Many of us will not forget that gorgeous September morning when we shared the shock of the decade as the Twin Towers fell. It’s good to take into account though, that to some people–and by some people I mean perhaps children who were born in 2001–this might be a story for the history books. I can understand that notion because it would be akin to what the assassination of John F. Kennedy was to me. Not having been born when it happened, I have no relationship to it. But for many who were there, and witnessed the story unfolding, they struggled with the senseless act, and found it difficult to articulate their emotions. They were forever haunted by it. So, perhaps, the same is true with September 11, 2001. Maybe it’s an event in the history books without a human face.
But many personal accounts have been written about it to keep alive the memory of what a blow it was too all of us. I, too, join the ranks and have a personal story about that day. Just one week to the day my husband and I had been in the Trade Towers. We had been in New York for the U.S. Open, as my husband is an avid tennis fan. One morning, Tuesday, September 4, precisely, we took a trip via subway to downtown Manhattan. One of our favorite discount department stores, Century 21, was nearby, and we wanted to walk around Wall Street as well. We got off at the Trade Tower stop, right underneath the building. It was cool looking, but dark, and quiet. I guess many people were already at their desks in the offices above us. There were a lot of little stores and there was a Borders Bookstore I wanted to stop in if we had the time. As I was washing up in the restroom I noticed a sign posted that listed a number of rules about conduct in the towers. At first, I thought it odd, but then I remembered the World Trade Center Bombing attack in 1993, the epicenter was the parking garage beneath the tower. Granted, this had taken place eight years prior, but it resonated with me. I found my husband browsing the mall area and told him I thought we should get out of the building. I reminded him of the bombing in 1993, and then said, “This place is a target, we need to leave.” Isn’t that crazy? I thought nothing more of it until after we came home and we were watching in horror as the news covered the story of two Boeing 767 jets flying into the twin towers, collapsing them on September 11, 2001. For me, 9/11 will always be personal.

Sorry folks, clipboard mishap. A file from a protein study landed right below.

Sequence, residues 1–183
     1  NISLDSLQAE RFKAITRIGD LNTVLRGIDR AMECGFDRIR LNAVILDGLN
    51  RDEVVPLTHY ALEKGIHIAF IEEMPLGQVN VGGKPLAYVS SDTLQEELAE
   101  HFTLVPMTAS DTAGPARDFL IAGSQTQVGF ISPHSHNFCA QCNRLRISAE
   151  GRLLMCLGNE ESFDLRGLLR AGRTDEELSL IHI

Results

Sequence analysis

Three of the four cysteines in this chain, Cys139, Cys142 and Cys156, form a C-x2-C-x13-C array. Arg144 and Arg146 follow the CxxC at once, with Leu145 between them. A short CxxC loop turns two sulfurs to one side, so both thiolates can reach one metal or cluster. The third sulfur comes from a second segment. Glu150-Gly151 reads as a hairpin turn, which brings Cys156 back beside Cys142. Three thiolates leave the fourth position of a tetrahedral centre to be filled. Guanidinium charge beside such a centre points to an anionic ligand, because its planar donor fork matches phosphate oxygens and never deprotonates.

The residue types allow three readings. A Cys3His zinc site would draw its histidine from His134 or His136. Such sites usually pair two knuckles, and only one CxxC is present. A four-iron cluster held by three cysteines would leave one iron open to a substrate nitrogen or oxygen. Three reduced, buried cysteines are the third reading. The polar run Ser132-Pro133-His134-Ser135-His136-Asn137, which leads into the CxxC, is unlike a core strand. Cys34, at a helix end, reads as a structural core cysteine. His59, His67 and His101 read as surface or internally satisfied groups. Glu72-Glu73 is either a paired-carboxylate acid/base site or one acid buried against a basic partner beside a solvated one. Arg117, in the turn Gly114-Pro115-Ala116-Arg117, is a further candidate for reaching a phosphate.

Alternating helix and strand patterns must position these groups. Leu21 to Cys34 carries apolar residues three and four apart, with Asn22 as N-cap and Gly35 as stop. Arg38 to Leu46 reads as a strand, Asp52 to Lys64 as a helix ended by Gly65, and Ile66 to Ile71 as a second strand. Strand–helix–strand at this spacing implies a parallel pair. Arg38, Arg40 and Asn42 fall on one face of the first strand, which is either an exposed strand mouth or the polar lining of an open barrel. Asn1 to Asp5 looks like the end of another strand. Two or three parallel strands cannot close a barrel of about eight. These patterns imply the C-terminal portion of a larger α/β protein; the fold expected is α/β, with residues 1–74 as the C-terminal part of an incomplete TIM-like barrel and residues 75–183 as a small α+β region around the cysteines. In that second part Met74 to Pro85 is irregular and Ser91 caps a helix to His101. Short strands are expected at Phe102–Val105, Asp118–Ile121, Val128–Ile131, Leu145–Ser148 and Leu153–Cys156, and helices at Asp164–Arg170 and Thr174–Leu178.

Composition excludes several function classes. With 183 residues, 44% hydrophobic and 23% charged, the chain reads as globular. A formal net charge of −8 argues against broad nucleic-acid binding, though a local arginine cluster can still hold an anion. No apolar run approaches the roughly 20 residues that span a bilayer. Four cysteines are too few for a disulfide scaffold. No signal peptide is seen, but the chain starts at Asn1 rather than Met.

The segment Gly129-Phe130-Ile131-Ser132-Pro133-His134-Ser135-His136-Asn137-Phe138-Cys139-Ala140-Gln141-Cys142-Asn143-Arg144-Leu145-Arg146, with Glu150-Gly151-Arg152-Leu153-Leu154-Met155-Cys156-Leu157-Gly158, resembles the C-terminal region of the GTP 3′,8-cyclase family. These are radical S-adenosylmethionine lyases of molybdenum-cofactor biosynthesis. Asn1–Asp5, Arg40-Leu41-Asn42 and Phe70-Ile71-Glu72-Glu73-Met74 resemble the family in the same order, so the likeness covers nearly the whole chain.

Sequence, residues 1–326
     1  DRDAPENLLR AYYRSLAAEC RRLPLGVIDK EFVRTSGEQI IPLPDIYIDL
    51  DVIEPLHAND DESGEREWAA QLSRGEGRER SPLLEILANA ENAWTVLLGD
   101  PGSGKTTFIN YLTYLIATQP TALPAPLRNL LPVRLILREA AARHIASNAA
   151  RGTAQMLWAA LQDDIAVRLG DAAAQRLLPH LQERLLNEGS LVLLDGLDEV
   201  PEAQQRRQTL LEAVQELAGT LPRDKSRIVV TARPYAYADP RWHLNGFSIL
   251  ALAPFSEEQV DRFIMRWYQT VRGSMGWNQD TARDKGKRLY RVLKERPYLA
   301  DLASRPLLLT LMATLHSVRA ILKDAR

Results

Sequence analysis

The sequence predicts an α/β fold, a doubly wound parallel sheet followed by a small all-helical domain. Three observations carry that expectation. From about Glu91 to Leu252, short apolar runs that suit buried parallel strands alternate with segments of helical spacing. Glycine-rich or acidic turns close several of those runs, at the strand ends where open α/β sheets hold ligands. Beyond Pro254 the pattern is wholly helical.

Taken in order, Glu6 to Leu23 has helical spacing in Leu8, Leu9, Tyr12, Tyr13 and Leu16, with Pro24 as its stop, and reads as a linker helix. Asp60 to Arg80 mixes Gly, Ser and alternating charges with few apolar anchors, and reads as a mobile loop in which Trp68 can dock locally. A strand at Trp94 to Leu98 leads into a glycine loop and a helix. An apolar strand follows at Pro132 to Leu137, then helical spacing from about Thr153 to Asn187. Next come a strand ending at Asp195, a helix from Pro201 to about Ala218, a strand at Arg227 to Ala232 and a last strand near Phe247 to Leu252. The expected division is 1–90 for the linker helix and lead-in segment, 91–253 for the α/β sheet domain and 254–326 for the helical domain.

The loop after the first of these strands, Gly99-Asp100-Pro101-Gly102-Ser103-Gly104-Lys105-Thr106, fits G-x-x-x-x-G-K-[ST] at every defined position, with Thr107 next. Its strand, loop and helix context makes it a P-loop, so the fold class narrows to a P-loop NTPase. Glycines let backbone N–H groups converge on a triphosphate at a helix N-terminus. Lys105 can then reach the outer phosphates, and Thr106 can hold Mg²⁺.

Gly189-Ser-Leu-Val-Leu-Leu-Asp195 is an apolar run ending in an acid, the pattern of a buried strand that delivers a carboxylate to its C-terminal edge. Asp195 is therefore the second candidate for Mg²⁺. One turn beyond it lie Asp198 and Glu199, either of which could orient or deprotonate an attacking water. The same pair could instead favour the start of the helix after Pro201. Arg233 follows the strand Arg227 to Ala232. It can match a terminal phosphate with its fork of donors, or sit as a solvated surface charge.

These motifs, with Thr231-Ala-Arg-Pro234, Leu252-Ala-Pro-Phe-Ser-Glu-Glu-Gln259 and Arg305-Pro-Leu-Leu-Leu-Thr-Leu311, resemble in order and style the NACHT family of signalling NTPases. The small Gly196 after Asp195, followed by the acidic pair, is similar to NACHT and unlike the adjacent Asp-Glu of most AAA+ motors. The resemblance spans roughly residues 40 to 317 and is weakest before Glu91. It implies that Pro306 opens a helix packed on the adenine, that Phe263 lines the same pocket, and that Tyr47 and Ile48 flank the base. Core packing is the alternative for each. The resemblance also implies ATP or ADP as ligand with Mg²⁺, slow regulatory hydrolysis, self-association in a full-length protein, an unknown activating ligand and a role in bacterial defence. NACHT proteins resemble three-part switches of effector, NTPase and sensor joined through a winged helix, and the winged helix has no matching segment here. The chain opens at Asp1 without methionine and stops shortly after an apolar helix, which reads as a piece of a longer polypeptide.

On Monday’s Book Hound radio program Jan and I discussed some of the books that came out after 9/11. So, if you are interested in reading more about 9/11, then this short list might be of some interest to you. Let me know what you think, or if there are any 9/11 books you think should be here.
Firehouse, by David Halberstam, published in 2003. Firehouse is the story of Engine 40, Ladder 35, and the thirteen men who were on two rigs setting out from this firehouse, twelve of whom never returned. Along the way, we learn the culture of the firehouse and try to understand why these men would become firemen and pursue so dangerous a profession.
Fireboat: The Heroic Adventures of the John J. Harvey, by Maira Kalman, published in 2005. This is a children’s picture book. The John J. Harvey was the best fireboat of its time, but by 1995 the city didn’t need fireboats any longer, so the John J. Harvey was retired. Then one day in September a horrible event shook the world. The fireboat was needed to fight a roaring fire. This is a true story.
American Widow, by Alissa Torres, illustrated, published in 2008. A memoir written by a young widow who lost her husband that day in September. Alissa’s entire world was upside down. This book chronicles her journey through being a widow and carrying the baby of a father who would never set eyes on his child.
Extremely Loud and Incredibly Close, by Jonathan Safran Foer, published in 2006. Narrated by nine-year-old Oskar Schell, who is trying to discover clues about his father’s death on September 11.
The Zero: A Novel, by Jess Walter, published in 2007. New York city cop Brian is suffering from a brain injury due to a self-inflicted gunshot wound. He is now a tour guide for celebrities who want to visit “The Zero.” He ultimately gets a job with the Documentation Department and uncovers clues about who he works for and who he was before he tried to kill himself. This book is described as a dark comedy and I can see why! It’s a complicated story that sheds some light on a harrowing time in our history.
Falling Man, by Don DeLillo, published in 2008. This story brings to the surface emotions and memories of Sepetember 11, and shows how those events shape our perception of our world as it is now. It centers around a married couple and their son who are forever changed by the events surrounding 9/11.
And check out Flashlight Worthy for more recommendations.
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